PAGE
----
http://www.ncbi.nlm.nih.gov/pmc/articles/PMC7073288PMC
March 2020

DNA Methylation Markers for Breast Cancer Detection in the Developing World.

Clin Cancer Res 2019 11 12;25(21):6357-6367. Epub 2019 Jul 12.

Department of Oncology, Johns Hopkins University School of Medicine, Baltimore, Maryland.

Purpose: An unmet need in low-resource countries is an automated breast cancer detection assay to prioritize women who should undergo core breast biopsy and pathologic review. Therefore, we sought to identify and validate a panel of methylated DNA markers to discriminate between cancer and benign breast lesions using cells obtained by fine-needle aspiration (FNA). Two case-control studies were conducted comparing cancer and benign breast tissue identified from clinical repositories in the United States, China, and South Africa for marker selection/training ( = 226) and testing ( = 246). Twenty-five methylated markers were assayed by Quantitative Multiplex-Methylation-Specific PCR (QM-MSP) to select and test a cancer-specific panel. Next, a pilot study was conducted on archival FNAs (49 benign, 24 invasive) from women with mammographically suspicious lesions using a newly developed, 5-hour, quantitative, automated cartridge system. We calculated sensitivity, specificity, and area under the receiver-operating characteristic curve (AUC) compared with histopathology for the marker panel.

Results: In the discovery cohort, 10 of 25 markers were selected that were highly methylated in breast cancer compared with benign tissues by QM-MSP. In the independent test cohort, this panel yielded an AUC of 0.937 (95% CI = 0.900-0.970). In the FNA pilot, we achieved an AUC of 0.960 (95% CI = 0.883-1.0) using the automated cartridge system.

Conclusions: We developed and piloted a fast and accurate methylation marker-based automated cartridge system to detect breast cancer in FNA samples. This quick ancillary test has the potential to prioritize cancer over benign tissues for expedited pathologic evaluation in poorly resourced countries.
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http://dx.doi.org/10.1158/1078-0432.CCR-18-3277DOI Listing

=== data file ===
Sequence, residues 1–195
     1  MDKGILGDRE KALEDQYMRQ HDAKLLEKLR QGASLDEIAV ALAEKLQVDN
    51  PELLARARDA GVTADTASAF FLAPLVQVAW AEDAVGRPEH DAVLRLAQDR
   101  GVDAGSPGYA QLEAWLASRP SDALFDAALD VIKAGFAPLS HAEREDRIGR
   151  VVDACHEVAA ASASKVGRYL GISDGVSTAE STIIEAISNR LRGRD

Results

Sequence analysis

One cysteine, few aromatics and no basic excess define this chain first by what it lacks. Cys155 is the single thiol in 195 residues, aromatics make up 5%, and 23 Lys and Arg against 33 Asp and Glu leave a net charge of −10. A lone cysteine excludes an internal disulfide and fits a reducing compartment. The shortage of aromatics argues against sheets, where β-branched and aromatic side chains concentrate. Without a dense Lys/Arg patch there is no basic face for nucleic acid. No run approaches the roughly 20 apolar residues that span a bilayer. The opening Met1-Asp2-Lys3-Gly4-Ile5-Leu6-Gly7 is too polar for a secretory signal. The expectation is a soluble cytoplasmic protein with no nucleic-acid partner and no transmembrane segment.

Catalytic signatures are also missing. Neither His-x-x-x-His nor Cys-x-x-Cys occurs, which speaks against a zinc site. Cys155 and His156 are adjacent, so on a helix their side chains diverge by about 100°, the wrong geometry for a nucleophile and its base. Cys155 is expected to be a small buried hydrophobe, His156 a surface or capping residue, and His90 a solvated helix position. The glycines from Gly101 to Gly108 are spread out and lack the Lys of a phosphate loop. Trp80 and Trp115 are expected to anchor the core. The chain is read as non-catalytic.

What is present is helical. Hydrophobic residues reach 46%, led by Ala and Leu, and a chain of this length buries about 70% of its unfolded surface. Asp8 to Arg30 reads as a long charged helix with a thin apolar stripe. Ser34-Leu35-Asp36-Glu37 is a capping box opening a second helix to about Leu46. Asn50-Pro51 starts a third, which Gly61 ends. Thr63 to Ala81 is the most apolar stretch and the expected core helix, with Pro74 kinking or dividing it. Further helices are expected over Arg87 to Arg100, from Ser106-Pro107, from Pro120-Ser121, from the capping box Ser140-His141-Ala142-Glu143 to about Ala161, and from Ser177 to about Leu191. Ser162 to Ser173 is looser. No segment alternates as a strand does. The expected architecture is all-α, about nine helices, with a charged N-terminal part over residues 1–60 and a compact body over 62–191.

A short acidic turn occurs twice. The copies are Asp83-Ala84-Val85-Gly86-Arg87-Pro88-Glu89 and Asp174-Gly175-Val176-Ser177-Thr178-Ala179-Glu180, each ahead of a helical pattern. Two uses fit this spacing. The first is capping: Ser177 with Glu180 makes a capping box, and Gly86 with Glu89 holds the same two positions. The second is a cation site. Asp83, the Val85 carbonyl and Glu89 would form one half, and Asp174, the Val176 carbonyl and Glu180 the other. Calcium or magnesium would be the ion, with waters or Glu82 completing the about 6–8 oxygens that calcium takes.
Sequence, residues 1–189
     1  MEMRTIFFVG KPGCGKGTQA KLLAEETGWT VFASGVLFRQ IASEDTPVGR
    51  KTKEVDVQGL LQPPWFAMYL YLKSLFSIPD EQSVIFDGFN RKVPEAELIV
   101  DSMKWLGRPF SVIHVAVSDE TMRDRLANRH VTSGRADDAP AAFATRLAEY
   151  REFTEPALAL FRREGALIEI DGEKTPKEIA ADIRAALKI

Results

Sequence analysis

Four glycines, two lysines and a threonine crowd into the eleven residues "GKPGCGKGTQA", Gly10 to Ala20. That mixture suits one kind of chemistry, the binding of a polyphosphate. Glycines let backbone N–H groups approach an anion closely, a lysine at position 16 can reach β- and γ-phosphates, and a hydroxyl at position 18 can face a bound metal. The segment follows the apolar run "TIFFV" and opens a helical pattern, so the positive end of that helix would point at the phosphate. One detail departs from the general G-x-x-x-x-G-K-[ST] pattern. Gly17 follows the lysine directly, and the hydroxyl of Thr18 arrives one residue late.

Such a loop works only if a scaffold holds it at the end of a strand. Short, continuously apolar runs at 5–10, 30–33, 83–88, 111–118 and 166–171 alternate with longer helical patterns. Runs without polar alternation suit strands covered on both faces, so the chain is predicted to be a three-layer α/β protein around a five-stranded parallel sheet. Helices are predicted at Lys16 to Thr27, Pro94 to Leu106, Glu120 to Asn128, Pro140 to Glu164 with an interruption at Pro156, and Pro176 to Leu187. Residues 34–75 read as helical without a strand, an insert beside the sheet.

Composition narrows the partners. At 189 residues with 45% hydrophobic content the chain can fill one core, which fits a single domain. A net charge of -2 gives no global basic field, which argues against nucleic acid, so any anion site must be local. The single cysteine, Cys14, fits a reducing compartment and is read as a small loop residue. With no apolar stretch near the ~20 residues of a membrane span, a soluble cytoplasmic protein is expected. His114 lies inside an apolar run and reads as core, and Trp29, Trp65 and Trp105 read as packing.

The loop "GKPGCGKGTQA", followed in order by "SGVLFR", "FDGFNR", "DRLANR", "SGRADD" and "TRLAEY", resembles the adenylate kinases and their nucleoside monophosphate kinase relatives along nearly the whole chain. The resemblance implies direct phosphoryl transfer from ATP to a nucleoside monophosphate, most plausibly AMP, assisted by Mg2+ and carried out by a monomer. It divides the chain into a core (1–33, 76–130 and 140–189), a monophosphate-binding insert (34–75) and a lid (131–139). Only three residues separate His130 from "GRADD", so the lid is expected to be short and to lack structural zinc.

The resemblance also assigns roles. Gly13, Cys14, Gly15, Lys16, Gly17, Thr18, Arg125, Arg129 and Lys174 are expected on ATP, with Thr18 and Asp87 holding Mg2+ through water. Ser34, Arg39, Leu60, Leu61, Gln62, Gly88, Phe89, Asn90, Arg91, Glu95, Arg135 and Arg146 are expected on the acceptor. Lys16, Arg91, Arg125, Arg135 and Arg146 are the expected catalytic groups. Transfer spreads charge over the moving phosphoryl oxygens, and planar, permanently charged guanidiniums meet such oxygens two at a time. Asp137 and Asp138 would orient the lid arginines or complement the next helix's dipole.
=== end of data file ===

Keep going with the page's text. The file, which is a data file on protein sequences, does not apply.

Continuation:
http://www.ncbi.nlm.nih.gov/pmc/articles/PMC6825533PMC
November 2019

A Computational Model of Neoadjuvant PD-1 Inhibition in Non-Small Cell Lung Cancer.

AAPS J 2019 06 24;21(5):79. Epub 2019 Jun 24.

Department of Biomedical Engineering, Johns Hopkins University School of Medicine, Baltimore, Maryland, USA.

Immunotherapy and immune checkpoint blocking antibodies such as anti-PD-1 are approved and significantly improve the survival of advanced non-small cell lung cancer (NSCLC) patients, but there has been little success in identifying biomarkers capable of separating the responders from non-responders before the onset of the therapy. In this study, we developed a quantitative system pharmacology (QSP) model to represent the anti-tumor immune response in human NSCLC that integrated our knowledge of tumor growth, antigen processing and presentation, T cell activation and distribution, antibody pharmacokinetics, and immune checkpoint dynamics. The model was calibrated with the available data and was used to identify potential biomarkers as well as patient-specific response based on the patient parameters. The model predicted that in addition to tumor mutational burden (TMB), a known biomarker for anti-PD-1 therapy in NSCLC, the number of effector T cells and regulatory T cells in the tumor and blood is a predictor of the responders. Furthermore, the model simulated a set of 12 patients with known TMB and MHC/antigen-binding affinity from a recent clinical trial ( ClinicalTrials.gov number, NCT02259621) on neoadjuvant nivolumab therapy in resectable lung cancer and predicted an augmented durable response in patients with adjuvant nivolumab treatment in addition to the clinical trial protocol of neoadjuvant nivolumab treatment followed by resection. Overall, the model provides a valuable framework to model tumor immunity and response to immune checkpoint blockers to enhance biomarker discovery and performing virtual clinical trials to aid in design and interpretation of the current trials with fewer patients.